The effects of the capitalist crisis are being felt at every level of society. As reported in a Time magazine article in April, this also includes the preservation of historical sites. As the cash-strapped European states race to cut public spending and slash budgets, the historical achievements of mankind crumble under paltry allotments for cultural preservation.

The artist’s task is not merely to mirror reality in an unthinking way but to impart a special meaning and feeling to what is being depicted: “The painter who draws merely by practice and by eye, without any reason,” wrote Leonardo, “is like a mirror which copies everything placed in front of it without being conscious of their existence.” [part 1]

The true genius of Leonardo has only really begun to be understood in our own times. Yet surprisingly little is known about his life and person. But in the beginning he was severely disadvantaged.The known facts about his life are simply stated. Born in 1452 in the little Tuscan town of Vinci in the hills above the Arno, Leonardo was the illegitimate son of a lawyer. He never knew who his mother was, though she nursed him as a baby. [part 1]

In the 1950s, amid prosperity and a booming economy, Allen Ginsberg defied conventions and the mainstream by openly standing forward as a homosexual, a socialist and a sharp critic of the capitalist American society he lived in. For this he was persecuted in a famous obscenity trial, which he ended up winning. This is portrayed in the feature film Howl from 2010.

Hieronymus Bosch was one of the most remarkable and original painters of all time. His works were painted five hundred years ago, yet they seem astonishingly modern, anticipating surrealism. This is the art of a world in a state of turbulence, torn by contradictory tendencies – a world in which the light of reason has been extinguished and where animal passions have gained the upper hand, a world of terror and violence, a living nightmare. In short – a world very like our own. Alan Woods examines it from the standpoint of historical materialism.

Alan Woods, of the International Marxist Tendency, speaks to University of Arts' London students at the Whitechapel Gallery, London, where a replica of Picasso's great painting of the massacre at Guernica is on display. Using this powerful masterpiece as a starting point, Alan explores what makes great art; to what extent is great art a reflection of the period from which it comes; and can propaganda be great art?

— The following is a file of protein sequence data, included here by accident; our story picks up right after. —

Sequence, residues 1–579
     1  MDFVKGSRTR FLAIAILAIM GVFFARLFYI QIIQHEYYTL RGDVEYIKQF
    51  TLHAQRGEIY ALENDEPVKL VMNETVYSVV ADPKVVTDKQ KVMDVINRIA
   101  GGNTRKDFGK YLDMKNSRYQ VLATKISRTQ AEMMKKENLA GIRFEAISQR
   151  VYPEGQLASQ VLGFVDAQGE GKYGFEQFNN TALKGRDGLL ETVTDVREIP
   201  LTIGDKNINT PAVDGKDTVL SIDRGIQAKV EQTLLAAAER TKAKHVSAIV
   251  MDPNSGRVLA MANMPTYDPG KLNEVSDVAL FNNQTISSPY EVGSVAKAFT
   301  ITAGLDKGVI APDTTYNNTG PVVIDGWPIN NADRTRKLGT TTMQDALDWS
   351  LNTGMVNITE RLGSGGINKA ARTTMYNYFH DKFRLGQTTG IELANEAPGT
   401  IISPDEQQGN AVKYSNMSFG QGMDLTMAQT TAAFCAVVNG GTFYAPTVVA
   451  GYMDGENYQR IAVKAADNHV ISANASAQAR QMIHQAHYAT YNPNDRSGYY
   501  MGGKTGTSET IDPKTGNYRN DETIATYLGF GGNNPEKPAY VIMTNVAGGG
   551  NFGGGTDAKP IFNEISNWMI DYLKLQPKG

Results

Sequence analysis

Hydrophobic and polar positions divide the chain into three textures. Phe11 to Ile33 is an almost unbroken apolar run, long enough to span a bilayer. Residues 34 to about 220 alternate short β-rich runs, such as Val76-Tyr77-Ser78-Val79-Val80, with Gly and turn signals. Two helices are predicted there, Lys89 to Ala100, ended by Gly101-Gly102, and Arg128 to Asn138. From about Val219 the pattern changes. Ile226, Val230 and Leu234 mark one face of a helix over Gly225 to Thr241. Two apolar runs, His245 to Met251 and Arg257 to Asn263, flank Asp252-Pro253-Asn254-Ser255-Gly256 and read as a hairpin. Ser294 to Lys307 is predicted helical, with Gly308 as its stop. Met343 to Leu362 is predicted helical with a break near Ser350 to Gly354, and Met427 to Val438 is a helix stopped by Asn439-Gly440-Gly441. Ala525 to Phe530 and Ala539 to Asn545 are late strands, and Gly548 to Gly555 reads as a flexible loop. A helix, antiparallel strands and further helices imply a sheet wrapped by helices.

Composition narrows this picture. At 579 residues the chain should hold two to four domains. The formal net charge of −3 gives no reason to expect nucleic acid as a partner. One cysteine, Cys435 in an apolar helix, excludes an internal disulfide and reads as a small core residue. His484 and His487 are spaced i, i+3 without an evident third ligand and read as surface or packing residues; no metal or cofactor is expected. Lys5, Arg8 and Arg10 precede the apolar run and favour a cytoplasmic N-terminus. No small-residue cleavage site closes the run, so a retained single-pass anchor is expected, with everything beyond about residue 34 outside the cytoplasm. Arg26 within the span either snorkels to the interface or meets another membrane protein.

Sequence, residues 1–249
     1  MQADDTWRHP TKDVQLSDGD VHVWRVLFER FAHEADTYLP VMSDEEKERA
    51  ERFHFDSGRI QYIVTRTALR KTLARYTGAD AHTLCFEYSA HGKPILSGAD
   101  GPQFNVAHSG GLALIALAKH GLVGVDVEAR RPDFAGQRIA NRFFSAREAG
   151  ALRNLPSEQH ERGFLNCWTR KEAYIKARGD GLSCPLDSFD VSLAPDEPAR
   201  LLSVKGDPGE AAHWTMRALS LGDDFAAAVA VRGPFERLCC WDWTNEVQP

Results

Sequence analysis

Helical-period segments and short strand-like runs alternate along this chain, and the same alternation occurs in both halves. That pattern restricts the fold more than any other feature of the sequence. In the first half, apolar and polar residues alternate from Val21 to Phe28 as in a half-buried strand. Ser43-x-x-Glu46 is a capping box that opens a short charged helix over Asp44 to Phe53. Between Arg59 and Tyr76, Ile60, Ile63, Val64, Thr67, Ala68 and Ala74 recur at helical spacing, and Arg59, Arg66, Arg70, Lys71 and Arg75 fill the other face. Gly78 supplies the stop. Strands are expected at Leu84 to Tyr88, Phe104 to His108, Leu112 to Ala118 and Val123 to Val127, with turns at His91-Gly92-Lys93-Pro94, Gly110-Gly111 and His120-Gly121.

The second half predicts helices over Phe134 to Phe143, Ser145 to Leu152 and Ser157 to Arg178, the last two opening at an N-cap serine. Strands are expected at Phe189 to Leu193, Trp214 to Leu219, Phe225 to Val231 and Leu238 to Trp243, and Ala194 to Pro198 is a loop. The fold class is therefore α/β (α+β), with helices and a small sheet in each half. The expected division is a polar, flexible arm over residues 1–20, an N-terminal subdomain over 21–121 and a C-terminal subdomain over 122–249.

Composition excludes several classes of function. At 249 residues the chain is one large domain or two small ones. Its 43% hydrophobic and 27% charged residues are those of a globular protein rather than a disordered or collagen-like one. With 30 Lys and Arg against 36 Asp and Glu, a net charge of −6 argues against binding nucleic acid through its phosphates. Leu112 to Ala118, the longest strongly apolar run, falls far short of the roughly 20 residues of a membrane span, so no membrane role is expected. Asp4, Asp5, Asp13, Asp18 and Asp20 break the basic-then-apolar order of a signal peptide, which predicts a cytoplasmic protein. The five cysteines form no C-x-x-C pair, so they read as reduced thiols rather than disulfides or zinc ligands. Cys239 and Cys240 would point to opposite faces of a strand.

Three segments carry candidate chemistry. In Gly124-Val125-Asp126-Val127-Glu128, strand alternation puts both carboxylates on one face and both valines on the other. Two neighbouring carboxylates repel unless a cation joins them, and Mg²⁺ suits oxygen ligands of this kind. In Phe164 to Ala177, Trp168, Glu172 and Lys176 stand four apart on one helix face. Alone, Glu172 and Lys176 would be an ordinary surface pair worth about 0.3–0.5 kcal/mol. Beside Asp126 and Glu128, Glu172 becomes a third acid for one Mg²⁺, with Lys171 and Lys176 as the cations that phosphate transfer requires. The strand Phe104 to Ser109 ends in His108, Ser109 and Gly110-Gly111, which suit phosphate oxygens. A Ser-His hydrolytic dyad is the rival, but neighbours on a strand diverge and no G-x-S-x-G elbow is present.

“If sharks were people,” Mr K. was asked by his landlady’s little girl, “would they be nicer to the little fishes?”

Who built Thebes of the seven gates?
In the books you will find the names of kings.
Did the kings haul up the lumps of rock?

In his The Mona Lisa Curse, the Australian art critic Robert Hughes subjected present-day commercialisation of art to a withering criticism. His programme was a damning indictment of the general tendency of art to degenerate into flashy triviality to the degree that it subordinates itself to money-making and capitalist market economics. It condemned the British artist Hirst for "functioning like a commercial brand" and destroying any true understanding of art in the public's mind by placing importance on the price tag alone.

Yesterday we received the sad news of the death of comrade Javed Shaheen, who passed away peacefully in his sleep. Javed was a very famous poet and one of the pioneers of Progressive writers' association of Pakistan. He was also an enthusiastic supporter of the International Marxist Tendency. We publish here an obituary by Alan Woods.

The prophetic description of anonymous warfare, the blankets of darkness and death dropped over civilian populations still resonate. To the degree we realise the truth expressed in this work, Guernica stands as possibly the greatest painting of the 20th Century.

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